Comparative Advertising under Turkish Law

Comparative advertising under Turkish Law has been allowed for many years. However, the definition of comparative advertising has been introduced into Turkish law for the first time as “advertisements used for the promotion of goods or services, in which elements concerning goods or services of a competitor are directly or indirectly used,” by the Regulation on Commercial Advertising and Unfair Commercial Practices (‘’Advertising Regulation’’), which entered into force after being published in the Official Gazette numbered and dated January 10, 2015.

Comparative advertising is mainly subject to regulatory rules applicable to all kinds of advertisements, and it is specifically very important that comparative advertisements should not be misleading, should not give rise to unfair competition, the compared goods or services should be of the same nature, and should meet the same requests and needs.

On the other hand, explicit comparative advertising, meaning explicit comparison using the name, trademark, logo or other distinct shapes or expressions, as well as commercial and trade names of rivals, is not allowed.

In 2015, the new Advertising Regulation, which was enacted based upon Consumer Protection Law numbered 6520, allowed explicit comparative advertising, ruling that the name, trademark, logo or other distinctive signs or expressions, commercial and trade name of rivals can legally be used. However, the enforcement date of this provision was preliminarily postponed for one year after the enforcement date of the Advertising Regulation, and then it was postponed to January 1, 2019. This provision was totally abolished on December 28, 2018 and, therefore, explicit comparative advertising is not legally applicable under Turkish law, and it is considered as unlawful advertising acts under the current legislation.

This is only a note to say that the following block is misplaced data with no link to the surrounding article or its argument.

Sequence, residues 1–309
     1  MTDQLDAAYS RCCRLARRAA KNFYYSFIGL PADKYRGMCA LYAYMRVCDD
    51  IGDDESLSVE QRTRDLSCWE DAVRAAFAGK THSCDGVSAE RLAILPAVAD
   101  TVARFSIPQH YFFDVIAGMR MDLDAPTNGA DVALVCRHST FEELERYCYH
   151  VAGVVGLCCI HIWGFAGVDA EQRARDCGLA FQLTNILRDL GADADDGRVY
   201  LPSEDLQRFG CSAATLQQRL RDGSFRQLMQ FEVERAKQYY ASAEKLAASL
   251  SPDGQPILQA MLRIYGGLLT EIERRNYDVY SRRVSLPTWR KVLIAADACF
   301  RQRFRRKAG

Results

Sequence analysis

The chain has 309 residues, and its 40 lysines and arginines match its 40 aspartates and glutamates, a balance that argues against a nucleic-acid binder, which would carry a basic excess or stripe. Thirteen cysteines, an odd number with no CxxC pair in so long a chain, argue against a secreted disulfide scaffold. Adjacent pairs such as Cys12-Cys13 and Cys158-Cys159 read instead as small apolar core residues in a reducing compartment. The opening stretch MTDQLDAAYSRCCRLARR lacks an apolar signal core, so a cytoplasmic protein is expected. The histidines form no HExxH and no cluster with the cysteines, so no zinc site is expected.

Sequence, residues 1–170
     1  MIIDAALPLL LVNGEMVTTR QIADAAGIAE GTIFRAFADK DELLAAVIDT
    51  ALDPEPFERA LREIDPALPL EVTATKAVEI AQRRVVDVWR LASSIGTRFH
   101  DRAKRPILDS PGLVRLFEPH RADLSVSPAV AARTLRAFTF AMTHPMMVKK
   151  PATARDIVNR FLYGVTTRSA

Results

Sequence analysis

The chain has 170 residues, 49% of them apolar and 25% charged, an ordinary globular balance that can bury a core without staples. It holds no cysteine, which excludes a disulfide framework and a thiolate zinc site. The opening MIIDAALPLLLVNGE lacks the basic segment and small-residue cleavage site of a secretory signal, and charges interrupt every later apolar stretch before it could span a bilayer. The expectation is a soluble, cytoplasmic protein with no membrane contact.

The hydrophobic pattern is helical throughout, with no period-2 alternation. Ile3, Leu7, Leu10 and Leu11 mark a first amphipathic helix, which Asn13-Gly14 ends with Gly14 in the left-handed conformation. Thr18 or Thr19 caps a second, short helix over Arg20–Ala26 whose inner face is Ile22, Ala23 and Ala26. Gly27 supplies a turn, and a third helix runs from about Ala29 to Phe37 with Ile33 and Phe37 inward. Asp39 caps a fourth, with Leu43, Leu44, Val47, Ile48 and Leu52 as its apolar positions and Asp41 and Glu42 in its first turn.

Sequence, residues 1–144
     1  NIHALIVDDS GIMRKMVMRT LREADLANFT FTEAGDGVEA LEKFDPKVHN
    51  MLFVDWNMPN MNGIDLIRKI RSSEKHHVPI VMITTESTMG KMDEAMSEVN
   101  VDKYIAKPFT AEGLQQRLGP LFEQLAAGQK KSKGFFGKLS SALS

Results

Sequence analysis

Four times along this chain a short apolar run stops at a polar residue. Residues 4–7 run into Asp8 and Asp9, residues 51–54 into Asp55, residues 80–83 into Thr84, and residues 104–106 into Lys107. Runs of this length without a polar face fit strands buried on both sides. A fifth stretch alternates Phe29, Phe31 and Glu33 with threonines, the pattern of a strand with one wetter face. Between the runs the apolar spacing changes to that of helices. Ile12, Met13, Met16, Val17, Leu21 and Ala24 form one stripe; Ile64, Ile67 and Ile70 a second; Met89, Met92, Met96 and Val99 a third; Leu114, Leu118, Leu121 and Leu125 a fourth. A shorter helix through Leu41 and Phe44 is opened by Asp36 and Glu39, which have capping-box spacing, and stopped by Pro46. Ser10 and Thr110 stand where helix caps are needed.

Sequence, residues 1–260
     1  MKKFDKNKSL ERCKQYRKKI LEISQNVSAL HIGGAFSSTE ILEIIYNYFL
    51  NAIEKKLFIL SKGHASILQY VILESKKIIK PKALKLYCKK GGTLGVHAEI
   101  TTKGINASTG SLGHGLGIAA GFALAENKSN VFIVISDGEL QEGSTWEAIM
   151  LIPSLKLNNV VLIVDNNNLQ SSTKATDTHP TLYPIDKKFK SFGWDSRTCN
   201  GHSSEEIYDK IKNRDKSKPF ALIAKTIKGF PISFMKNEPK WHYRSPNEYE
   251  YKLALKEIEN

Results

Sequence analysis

Currently, under Turkish law, comparative advertisements where rivals’ names, trademarks, and distinctive signs are not referred to. In addition, as a specific rule, comparative advertising for food supplements is prohibited. In food advertising, comparisons of elements that are considered to be within the scope of health claims are prohibited from being compared.

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